Blessed with an impressive all-round game, Duchene heads into the 2010-11 season as the odds-on favorite to emerge as one of the NHL’s future stars.
Through 81 games Duchene posted 24 goals and 55 points. The 2010-11 season should see Duchene emerge with 30 or more goals and 70 points.
Through 82 games, John Tavares lit the lamp a total of 24 times and posted 54 points, one point off rookie scoring champ Matt Duchene.
While Tavares did not win the rookie scoring title, he did show a ton of upside on a bad team.
While nobody will be confusing the Islanders for a Stanley Cup contender in 2010-11, they are an improving squad, one that has the potential to score a decent amount of goals.
Front and centre for the Islanders will be Tavares, who will be asked to play upwards of 20 minutes per game and see more power play time, where he scored 11 goals last season.
Tavares has the ability to be a 30 goal scorer and 70 point player. It says here Tavares will score 35 or more next season, emerging as one of the NHL’s top snipers.
Playing for the Dallas Stars, Jamie Benn doesn’t get the attention he deserves.
Make no mistake about it, Benn is a budding NHL star, and given the opportunities that will be afforded to him in Dallas next season, Benn’s totals should skyrocket from the 22 goals and 41 points he posted as a rookie in 2009-10.
Benn, knowing for his combination of offensive prowess and physical play, should further endear himself to Stars general manager Joe Nieuwendyk, a former NHL player that will be quick to reward hard play and high compete level.
Look for Benn to score around 30 goals next season, with 60 points all but a certainty.
Averaging just over 20 minutes per game in icetime, Erik Karlsson had a quiet rookie season, posting five goals and 26 points in 60 regular season games.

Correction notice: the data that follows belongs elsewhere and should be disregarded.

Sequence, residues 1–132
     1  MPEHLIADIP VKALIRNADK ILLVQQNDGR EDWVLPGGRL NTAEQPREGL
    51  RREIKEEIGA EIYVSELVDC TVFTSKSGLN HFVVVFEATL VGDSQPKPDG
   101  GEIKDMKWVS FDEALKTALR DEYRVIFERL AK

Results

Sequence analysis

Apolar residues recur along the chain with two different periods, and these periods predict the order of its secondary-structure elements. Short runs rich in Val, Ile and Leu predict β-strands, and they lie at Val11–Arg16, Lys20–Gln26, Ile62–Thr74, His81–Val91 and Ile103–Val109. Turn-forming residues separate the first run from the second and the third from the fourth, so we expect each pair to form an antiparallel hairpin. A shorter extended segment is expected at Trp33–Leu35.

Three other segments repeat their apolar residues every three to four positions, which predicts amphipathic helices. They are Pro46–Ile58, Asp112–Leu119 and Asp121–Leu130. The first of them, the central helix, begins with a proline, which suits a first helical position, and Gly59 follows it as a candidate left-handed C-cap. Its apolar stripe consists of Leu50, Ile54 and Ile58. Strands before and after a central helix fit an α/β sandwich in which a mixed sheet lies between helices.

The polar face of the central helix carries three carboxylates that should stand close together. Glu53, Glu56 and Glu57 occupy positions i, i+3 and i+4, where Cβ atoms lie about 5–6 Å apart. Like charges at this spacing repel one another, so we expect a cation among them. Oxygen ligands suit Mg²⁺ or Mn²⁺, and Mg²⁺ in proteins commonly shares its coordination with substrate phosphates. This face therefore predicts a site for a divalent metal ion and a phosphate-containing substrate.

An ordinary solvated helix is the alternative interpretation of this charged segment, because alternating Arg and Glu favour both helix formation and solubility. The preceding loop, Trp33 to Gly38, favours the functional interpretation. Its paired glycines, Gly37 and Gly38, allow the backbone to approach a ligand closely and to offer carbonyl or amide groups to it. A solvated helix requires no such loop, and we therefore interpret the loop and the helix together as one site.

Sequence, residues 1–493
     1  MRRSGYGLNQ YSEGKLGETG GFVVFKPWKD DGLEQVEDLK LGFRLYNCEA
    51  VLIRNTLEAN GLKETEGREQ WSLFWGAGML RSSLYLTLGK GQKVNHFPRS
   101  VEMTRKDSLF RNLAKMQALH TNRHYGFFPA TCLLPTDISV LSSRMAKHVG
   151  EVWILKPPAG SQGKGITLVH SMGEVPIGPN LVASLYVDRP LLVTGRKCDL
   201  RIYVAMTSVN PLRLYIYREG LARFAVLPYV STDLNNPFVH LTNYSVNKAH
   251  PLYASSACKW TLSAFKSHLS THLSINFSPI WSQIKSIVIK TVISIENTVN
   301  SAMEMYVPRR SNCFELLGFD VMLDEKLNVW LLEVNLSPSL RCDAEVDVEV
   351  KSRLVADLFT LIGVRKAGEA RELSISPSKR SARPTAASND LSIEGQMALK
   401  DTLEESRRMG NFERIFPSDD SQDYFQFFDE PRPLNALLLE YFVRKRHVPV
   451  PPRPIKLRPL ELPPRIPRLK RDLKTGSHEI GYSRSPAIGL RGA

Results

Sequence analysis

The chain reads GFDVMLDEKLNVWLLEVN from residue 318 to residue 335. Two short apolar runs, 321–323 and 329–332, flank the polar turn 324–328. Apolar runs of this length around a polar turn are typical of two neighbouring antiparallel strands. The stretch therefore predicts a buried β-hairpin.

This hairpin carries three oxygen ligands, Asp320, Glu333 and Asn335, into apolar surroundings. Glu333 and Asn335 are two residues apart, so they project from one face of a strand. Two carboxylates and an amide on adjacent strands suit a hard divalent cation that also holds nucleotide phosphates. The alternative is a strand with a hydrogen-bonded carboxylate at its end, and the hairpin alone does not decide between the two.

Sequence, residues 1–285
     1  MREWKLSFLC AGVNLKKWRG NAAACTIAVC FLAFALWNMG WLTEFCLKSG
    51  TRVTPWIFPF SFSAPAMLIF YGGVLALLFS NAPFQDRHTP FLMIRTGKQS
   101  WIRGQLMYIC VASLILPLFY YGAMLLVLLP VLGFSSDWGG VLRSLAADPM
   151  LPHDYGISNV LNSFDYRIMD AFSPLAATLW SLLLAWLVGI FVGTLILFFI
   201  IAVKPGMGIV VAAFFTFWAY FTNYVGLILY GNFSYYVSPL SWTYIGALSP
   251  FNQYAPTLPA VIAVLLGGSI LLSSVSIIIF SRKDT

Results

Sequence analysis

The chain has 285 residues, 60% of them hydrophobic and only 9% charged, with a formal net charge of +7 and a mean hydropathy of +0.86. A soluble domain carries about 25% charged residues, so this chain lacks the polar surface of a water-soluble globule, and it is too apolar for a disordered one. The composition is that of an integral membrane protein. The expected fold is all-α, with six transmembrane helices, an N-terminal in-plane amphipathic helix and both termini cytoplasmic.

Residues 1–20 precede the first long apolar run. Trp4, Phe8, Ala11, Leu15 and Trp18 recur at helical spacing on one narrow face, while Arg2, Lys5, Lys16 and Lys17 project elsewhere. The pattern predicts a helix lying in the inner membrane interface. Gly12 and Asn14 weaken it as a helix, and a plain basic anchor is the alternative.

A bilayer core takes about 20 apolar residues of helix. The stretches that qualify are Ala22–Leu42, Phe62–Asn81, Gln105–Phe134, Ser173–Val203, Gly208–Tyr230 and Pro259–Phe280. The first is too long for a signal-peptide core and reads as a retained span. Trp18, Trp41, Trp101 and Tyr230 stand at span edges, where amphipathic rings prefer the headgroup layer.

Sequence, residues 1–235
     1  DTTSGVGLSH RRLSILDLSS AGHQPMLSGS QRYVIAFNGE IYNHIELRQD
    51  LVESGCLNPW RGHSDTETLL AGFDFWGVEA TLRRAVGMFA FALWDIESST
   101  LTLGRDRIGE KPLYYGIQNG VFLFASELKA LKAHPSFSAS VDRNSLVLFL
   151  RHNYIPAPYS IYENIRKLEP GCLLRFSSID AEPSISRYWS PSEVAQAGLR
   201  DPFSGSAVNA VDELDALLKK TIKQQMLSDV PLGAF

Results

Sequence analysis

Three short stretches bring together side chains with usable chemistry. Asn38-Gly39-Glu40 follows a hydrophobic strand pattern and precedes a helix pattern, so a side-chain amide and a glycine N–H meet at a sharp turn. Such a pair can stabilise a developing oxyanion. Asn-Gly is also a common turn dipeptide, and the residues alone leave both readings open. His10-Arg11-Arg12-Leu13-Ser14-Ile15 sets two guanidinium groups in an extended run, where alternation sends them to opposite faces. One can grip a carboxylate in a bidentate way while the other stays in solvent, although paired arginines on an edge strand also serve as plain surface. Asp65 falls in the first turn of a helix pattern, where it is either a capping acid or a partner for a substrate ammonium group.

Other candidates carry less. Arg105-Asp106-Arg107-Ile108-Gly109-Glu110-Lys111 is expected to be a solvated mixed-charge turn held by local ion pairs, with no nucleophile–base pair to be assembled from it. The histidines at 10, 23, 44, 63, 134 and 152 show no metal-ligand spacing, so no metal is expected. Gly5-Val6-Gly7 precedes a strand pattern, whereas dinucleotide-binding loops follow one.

Karlsson came to life during the Stanley Cup Playoffs, where he played nearly 26 minutes per game, scoring one goal and six points through six games.
Blessed with great skating and offensive flare, Karlsson should thrive under the tutelage of veteran defenseman Sergei Gonchar, who was brought into the Senators fold via free agency this summer.
If Karlsson gets the ice time he deserves (upwards of 20 minutes per game) he should be a shoe-in to post 40 points.
Toronto Maple Leaf fans have a penchant for overvaluing their young talent; this is not the case with Carl “Uzi” Gunnarsson.
Gunnarsson played 43 games for the Maple Leafs last season, scoring three goals and 15 points while posting an impressive plus-eight rating.
Gunnarsson averaged 21:26 of ice time and just over 21 shifts per game last season. While his icetime is not expected to go up dramatically, look for Uzi’s power play time to increase (especially if Tomas Kaberle is traded) so the Maple Leafs can take advantage of his impressive point shot, which is both lethal and accurate.
Ten goals and 30 points looks to be well within reach for Gunnarsson...fact is, the sky is the limit with this sophomore.
After coming over to the Atlanta Thrashers in the Ilya Kovalchuk deal, Bergfors didn’t miss a beat, scoring eight goals and 17 points in 27 games, giving him 21 goals and 44 points on the season (81 games played).
Bergfors scored nine power-play goals last season, which all but points to him getting a lot of the power play minutes that Kovalchuk once ate up in Atlanta.
Increased minutes, more familiarity with his teammates, and more power play time should be enough to spark Bergfors offensive totals to the point where he has a legitimate shot at 30 goals and 60 points.
No rookie impressed more during the 2010 Stanley Cup Playoffs than the Montreal Canadiens rookie defenseman P.K. Subban.
Big hits, great outlet passes, and a resiliency that had more than a few NHL GM’s drooling solidified Subban as a blue-chip prospect, one that should evolve into a top defenseman as early as the 2010-11 season.
Through 14 playoff games, Subban scored one goal and added seven assists for a total of eight points to go along with his plus two rating.
Subban averaged nearly 21 minutes of ice time during that 14-game stretch, taking 23 shots on net, and established himself as one of the Canadiens better all-around D-men.
Thirty points is not out of the question for Subban, but it’s his all-around game that will catch the eye of opponents and fans alike.